“They really wanted me to do well,” she said of her time on Korean television. “They gave me a lot of chances, tried to help me learn Korean. They really cheered me on.” Unfortunately, her inability to speak Korean made it impossible for her to continue far, and she was out after three rounds. “I had hoped to spend more time there to get to know my identity, and it would have been pretty cool to find my parents.” Still, she valued her time spent on the show and in the country of her birth. “I was happy to connect.”
While Lee still celebrates her faith through her music, she’s explored other parts of her identity in her songs, characterized by her movement (and hashtag), “Breaking Stereotypes”.“It’s my whole persona,” she said. “People don’t want to conform, they want to break stereotypes. I wanted to push that further.
“I’m doing this because I love it. I’m daring, and I’m going against the grain in order to be someone better, different, and to challenge the typical mindset. I’ve gotten a lot of positive feedback, especially by other women — many of whom aren’t even Christian.”
Non-Christian women liking Christian rap? Interesting.
“Right? It’s great. They come up to me and tell me that they’ve never heard positive, respectful hop hop from a woman. It’s making an impact. Not that I’m starting something new, but I’m trying to spark the mindset of someone else who wants to do it as well.”
Speaking of breaking stereotypes, she also wears her motherhood badge with pride, calling herself a MommyRapper. “It’s pretty to the point,” she said of her descriptive hashtag. “I’m a mother and I rap. I put it together because it’s so simple, but it makes sense.”
A post shared by heesun lee 희 선 이 (@msheesunlee) on
“There are so few of us out there who are mothers and rap. I get it, it’s a lot harder when you have kids. There are not many females who are mothers, rappers, and are successful. Eve stands out as one of the few. That’s why I think it’s a great hashtag because it’s challenging that old school mindset that you can’t be a mom and have a career or pursue your dreams. Yeah it’s hard, but breaking stereotypes is always hard. You can do both.”
To prove this mindset, Lee has added another task to her already full plate – VLogging her life as a Mommy Rapper. “It’s to show people what I go through in my day to day, taking care of kids but rapping.”
Although Lee has learned to embrace her Korean identity, it’s been an uphill battle. “I’m still working on it. All my life I knew I was Korean, but it wasn’t until high school that I met other Koreans. It was a culture shock for me. People told me I wasn’t Korean because I was not from a Korean family and it bothered me. I let it get to me. I was mad, you know? Mad at the world, blaming Koreans for what my parents did to me.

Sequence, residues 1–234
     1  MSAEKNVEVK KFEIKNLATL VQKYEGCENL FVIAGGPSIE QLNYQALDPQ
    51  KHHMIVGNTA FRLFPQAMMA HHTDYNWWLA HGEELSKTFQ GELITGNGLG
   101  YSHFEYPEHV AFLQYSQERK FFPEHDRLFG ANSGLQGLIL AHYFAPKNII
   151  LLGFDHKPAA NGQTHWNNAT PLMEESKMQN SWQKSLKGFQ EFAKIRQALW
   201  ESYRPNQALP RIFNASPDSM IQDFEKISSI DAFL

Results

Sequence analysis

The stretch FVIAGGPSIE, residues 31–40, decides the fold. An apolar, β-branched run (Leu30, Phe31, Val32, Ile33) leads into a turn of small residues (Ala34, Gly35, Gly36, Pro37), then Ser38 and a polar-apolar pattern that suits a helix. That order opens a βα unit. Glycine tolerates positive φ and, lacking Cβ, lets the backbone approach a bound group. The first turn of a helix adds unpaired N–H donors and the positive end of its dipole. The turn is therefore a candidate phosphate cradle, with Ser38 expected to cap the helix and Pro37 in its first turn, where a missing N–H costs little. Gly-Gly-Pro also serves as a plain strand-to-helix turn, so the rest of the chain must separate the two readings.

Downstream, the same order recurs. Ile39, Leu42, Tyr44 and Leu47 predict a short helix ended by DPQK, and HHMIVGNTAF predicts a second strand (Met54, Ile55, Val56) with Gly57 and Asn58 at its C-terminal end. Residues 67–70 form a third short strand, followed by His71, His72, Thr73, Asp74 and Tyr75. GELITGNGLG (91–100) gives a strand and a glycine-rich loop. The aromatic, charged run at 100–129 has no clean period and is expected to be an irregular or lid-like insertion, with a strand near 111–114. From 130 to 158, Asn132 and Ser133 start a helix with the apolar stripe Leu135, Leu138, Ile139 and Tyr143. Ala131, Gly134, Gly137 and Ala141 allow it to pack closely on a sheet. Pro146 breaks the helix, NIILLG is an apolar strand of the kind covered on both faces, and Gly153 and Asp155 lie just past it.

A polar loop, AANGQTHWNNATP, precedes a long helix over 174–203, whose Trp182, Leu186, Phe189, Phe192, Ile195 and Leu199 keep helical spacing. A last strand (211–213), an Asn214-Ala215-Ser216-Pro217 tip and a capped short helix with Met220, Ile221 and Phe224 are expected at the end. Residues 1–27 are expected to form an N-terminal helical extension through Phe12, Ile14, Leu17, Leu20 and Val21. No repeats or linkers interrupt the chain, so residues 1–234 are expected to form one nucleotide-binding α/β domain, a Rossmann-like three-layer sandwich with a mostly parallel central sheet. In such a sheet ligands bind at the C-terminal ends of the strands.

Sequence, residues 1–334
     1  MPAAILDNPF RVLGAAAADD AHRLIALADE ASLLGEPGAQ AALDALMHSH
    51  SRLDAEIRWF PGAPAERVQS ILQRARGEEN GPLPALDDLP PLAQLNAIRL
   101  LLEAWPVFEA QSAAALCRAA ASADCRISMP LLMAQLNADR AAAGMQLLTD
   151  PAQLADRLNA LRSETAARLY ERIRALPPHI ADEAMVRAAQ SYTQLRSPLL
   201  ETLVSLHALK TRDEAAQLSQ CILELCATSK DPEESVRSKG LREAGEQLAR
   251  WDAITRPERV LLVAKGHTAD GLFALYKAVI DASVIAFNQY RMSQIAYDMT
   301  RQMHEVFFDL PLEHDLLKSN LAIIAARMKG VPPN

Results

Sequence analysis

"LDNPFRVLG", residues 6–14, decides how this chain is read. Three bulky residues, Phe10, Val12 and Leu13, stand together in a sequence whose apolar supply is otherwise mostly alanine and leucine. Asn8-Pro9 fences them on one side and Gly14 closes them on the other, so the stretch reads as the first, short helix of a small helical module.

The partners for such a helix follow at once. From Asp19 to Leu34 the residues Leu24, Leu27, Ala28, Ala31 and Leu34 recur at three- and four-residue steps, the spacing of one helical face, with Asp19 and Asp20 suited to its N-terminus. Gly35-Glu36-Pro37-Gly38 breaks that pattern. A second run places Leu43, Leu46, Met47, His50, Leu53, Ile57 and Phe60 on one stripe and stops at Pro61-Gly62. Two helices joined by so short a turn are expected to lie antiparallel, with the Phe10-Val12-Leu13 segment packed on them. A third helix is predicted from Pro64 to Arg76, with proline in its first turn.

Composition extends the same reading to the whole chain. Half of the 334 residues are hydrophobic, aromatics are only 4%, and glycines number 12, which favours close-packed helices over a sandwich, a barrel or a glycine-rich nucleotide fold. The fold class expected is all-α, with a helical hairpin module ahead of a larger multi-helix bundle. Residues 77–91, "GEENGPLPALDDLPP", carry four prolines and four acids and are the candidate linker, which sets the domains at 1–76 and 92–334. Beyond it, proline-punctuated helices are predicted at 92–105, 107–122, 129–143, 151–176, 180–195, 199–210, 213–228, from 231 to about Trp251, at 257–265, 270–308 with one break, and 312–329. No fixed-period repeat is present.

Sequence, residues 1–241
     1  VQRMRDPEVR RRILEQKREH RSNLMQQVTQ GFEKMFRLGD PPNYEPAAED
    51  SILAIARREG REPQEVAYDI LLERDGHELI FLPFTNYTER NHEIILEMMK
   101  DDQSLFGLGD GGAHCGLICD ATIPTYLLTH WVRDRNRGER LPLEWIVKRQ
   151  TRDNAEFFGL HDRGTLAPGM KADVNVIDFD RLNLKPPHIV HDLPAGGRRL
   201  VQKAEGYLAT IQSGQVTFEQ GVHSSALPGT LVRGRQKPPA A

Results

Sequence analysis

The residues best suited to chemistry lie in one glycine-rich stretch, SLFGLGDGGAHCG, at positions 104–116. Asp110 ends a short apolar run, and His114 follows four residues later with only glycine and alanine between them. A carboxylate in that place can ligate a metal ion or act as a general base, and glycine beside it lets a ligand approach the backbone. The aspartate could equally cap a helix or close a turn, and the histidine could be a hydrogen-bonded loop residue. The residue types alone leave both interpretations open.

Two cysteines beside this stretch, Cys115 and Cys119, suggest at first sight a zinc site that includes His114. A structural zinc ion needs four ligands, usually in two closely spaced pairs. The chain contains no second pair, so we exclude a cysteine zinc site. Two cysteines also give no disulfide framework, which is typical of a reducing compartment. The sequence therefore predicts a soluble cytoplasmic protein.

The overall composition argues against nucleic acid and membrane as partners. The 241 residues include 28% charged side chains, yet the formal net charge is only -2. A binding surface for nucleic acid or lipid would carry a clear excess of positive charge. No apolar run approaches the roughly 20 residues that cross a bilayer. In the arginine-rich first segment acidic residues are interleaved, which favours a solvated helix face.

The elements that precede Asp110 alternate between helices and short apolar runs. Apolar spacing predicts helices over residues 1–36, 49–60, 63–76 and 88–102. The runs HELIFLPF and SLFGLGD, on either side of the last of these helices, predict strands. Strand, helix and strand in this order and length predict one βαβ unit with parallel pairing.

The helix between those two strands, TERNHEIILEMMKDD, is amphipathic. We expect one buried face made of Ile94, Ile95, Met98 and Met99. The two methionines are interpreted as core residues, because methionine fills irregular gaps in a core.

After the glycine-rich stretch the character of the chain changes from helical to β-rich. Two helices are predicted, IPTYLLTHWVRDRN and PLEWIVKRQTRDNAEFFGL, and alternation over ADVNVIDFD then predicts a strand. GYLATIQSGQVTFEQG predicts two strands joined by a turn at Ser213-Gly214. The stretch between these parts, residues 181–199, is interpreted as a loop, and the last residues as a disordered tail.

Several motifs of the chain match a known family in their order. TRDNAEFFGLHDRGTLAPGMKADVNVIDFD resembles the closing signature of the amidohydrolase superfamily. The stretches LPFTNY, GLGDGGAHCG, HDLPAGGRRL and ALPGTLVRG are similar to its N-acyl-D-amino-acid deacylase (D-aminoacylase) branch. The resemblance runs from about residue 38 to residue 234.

“After I grew up, I started reading up on Korean culture. I started embracing it in an attempt to self-heal. I tried to get through it myself and not believe or think what other people would have me think. In doing so, it made me more proud to understand my culture, and after going to Korea, I was able to embrace my country and my identity.”
After working through her past, Lee is now looking forward. “Now that I have kids, I want to give them the opportunity to always be open about who they are as full Koreans. I brought them to Korea with me, and I can say that they can say they saw their country. It’s a step. I feel like I matured and am embracing it. I’m taking it one step at a time.
“My family, my kids, I want them to be proud of what I’m doing. I see them and I think ‘I can’t give up’.”
Heather Johnson Yu Born at a very young age; self-made thousandaire. Recommended by 4 out of 5 people that recommend things. Covered in cat hair. Probably the best sleeper in the world. Still haven't completed the civil war quest in Skyrim but I'm kind of okay with that. Too rad to be sad.
SHARE THIS ARTICLE:
RELATED STORIES FROM NEXTSHARK
Support NextShark's Journalism
Many people might not know this, but NextShark is a small media startup that runs on no outside funding or loans, and with no paywalls or subscription fees, we rely on help from our community and readers like you.
Everything you see today is built by Asians, for Asians to help amplify our voices globally and support each other. However, we still face many difficulties in our industry because of our commitment to accessible and informational Asian news coverage.
We hope you consider making a contribution to NextShark so we can continue to provide you quality journalism that informs, educates, and inspires the Asian community. Even a $1 contribution goes a long way. Thank you for supporting NextShark and our community.